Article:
This masterwork of modern residential architecture, commissioned by the noted poet Josephine Ain Chuey and painter Robert Chuey, was designed by master architect Richard Neutra and constructed between 1956-57. The two-and-a-half acre hilltop property is perched on a ridge at the top of Sunset Plaza Drive.
The Chueys carefully analyzed the site with Neutra to determine the precise orientation for the 1,896 square foot house. It served as an intellectual and cultural gathering place for years as the setting for parties, poetry readings and the showing of Chuey’s paintings. It is also here that Josephine, as an early follower of the psychologist Timothy Leary, participated in LSD experiments.
The design of the house encouraged a lively social life, with the living room serving as a focal point. With its floor to ceiling glazing, it is situated to provide unobstructed views of Sunset Plaza Canyon and the Los Angeles basin to the south, and opens onto an expansive deck that appears to float over the hillside. Robert Chuey’s studio is another dramatic space, with a 10-foot-high ceiling.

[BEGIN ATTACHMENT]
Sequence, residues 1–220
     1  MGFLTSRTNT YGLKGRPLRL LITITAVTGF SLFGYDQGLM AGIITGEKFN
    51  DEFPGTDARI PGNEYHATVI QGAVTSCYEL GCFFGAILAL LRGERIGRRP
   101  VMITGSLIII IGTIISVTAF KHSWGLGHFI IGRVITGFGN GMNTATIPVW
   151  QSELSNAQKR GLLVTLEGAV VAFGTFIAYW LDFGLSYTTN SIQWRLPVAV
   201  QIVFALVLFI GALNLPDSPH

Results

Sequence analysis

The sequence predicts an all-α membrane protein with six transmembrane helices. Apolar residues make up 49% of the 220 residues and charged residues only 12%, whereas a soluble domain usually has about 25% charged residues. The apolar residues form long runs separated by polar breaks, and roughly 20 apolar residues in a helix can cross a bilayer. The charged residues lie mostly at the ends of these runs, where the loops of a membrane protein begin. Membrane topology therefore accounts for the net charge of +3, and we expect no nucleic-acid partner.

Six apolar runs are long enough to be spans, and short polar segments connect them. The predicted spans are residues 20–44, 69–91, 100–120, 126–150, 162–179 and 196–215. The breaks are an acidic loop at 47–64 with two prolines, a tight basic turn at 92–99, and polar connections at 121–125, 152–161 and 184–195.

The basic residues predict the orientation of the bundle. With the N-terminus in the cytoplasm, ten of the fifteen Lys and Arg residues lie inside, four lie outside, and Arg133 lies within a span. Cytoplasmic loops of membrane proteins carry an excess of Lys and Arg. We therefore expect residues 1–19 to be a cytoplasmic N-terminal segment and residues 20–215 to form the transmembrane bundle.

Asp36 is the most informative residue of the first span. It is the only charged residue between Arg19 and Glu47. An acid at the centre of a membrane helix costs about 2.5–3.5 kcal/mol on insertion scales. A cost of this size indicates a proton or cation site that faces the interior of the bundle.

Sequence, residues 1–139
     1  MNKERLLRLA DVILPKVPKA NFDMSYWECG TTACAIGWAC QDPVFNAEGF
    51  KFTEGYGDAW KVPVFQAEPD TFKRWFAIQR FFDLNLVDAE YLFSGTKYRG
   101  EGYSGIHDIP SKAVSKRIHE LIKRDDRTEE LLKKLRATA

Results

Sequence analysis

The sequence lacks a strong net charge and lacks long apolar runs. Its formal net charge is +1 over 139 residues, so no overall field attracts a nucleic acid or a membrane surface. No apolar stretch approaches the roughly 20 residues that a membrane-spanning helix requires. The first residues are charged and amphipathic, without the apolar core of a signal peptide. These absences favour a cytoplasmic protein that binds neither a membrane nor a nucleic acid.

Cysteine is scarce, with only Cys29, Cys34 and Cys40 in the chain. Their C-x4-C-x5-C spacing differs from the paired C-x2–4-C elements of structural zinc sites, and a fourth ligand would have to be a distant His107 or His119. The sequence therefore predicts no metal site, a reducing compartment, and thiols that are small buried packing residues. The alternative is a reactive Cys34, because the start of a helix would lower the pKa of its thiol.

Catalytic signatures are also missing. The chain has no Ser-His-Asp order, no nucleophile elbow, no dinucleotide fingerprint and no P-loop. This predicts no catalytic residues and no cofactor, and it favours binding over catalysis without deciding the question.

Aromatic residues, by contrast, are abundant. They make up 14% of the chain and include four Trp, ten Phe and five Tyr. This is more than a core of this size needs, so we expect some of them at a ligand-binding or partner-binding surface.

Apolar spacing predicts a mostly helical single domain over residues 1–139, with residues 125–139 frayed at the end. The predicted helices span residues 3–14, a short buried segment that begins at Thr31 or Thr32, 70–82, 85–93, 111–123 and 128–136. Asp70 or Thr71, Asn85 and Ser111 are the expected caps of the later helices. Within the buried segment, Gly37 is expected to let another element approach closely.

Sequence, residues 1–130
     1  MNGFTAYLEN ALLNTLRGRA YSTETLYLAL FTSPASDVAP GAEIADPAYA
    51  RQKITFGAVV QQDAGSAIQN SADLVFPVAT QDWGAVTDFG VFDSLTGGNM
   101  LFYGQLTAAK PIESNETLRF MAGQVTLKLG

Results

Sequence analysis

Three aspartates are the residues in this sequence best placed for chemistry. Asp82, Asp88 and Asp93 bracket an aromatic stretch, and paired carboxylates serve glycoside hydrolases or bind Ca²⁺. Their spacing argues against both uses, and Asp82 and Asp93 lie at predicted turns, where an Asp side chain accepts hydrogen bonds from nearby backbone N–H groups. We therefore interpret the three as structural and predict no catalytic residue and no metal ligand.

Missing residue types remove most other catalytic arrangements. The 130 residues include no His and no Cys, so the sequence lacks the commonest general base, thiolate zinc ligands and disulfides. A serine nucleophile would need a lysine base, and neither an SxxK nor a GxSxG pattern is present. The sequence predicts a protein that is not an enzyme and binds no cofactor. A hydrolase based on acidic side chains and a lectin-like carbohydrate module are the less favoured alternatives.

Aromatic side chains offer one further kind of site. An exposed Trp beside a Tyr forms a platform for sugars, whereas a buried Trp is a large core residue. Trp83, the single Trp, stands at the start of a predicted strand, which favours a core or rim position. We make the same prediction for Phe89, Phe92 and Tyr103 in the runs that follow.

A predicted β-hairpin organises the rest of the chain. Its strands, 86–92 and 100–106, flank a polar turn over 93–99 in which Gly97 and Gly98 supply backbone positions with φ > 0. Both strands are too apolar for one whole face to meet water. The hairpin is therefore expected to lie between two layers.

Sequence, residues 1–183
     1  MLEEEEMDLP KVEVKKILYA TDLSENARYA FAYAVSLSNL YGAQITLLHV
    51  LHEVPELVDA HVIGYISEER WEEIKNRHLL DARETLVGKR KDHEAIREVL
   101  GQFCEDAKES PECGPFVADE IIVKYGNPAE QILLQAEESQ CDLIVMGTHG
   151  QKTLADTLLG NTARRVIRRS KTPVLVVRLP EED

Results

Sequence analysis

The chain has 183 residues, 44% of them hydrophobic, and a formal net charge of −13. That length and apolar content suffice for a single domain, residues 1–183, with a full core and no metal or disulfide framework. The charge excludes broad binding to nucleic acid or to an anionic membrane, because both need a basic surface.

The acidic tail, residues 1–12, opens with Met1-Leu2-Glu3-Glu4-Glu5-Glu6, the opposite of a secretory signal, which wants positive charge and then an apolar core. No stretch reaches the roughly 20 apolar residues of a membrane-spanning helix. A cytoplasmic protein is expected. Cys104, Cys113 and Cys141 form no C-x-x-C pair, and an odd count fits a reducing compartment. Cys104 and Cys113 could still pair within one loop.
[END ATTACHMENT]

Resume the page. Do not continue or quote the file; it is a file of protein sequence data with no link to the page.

The house bears the hallmarks of the International Style, with its smooth, stucco surfaces, wide roof overhangs that accentuate the home’s strong horizontal lines, expansive use of glass, and living spaces that graciously extend to the outdoors. The pair of reflecting pools that frame the living room and deck to the east and the extended beam “spiderleg” are trademarks of Neutra’s International Style residences.
As an internationally renowned master architect, Richard Neutra helped develop the style of California Modern and was an immense influence on American designers. His surviving works are highly regarded and considered some of the most significant of the twentieth century.
Many of his commissions, including the Chuey House, perfectly meld the interior and exterior of a space such that it would, as Neutra stated, “place man in relationship with nature; that’s where he developed and where he feels most at home.” In 1949, Neutra was featured on the cover of Time magazine. He was one of the few architects to ever achieve this level of notoriety and recognition so early on for his then-and-emerging architectural legacy.